In true tablet mode, this widescreen format does have benefits though. Holding the Lenovo Duet 5 Chromebook vertically shows a ton of web content without scrolling. Anyway, that’s just me. And most of Lenovo’s recent Chromebooks use the same 16:9 ratio.

This is what the Lenovo Duet 5 Chromebook looks like compared to the Lenovo IdeaPad Chromebook 5i that I recently reviewed:

You’re getting the same screen space and nearly the same sized keyboard in the Duet 5 but in a smaller overall package and footprint

Duet 5 on IdeaPad 5i
Lenovo Duet 5 on top of the Lenovo IdeaPad Chromebook 5i

As far as the accessories go, these are quite good so far as well. The detachable keyboard has good key travel and the trackpad is responsive so far. Additionally, there’s not a lot of flex in the keyboard, so using it on a lap doesn’t introduce errant mouse clicks like the HP Chromebook X2 11 did for me.

While the keyboard attachment only connects to the slate via magnets near the metal POGO pins and not also to the display’s bottom bezel, it’s fairly stable to use on a lap. Lenovo reinforced the “hinge” with heavy-duty, stiff fabric.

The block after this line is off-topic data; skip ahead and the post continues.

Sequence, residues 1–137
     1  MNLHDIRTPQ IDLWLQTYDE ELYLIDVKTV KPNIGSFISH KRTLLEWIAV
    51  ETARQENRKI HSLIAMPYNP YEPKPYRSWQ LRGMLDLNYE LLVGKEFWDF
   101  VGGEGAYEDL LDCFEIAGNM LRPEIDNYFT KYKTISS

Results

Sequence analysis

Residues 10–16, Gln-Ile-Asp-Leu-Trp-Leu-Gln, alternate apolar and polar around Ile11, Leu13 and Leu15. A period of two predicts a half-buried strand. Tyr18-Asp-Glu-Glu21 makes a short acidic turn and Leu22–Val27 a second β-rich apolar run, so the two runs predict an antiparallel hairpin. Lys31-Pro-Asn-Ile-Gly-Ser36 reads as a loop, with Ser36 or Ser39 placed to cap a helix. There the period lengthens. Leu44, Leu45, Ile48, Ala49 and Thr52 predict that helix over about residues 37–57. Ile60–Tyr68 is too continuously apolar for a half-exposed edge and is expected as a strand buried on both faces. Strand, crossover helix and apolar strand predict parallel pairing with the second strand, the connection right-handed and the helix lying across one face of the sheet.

Lenovo Duet 5 Chromebook keyboard hinge
Notice the change in the top row of keys? Gone is the “Forward” button and added is a screen capture button over the “6”

That fabric is used on the back of the keyboard and on the kickstand attachment. With the kickstand, the Lenovo Duet 5 Chromebook viewing angle can be adjusted dynamically from roughly 100-degrees to nearly flat. Oh, and I love having the web cam centered atop the display in landscape mode. Other tablet makers could take a cue from that design choice.

The same can be said for offering a pair of USB Type-C ports, one on each side. It’s nice to use either the left or right port to recharge the 42 Whr battery inside.

Lenovo Duet 5 Chromebook performance with that second-gen Snapdragon 7c

I haven’t run any benchmarks yet and I’ve only used this slate for a few hours. I really didn’t expect much from the next generation of the CPU and GPU inside this device. Essentially, it’s the same as the first-generation but with slightly faster clock speeds.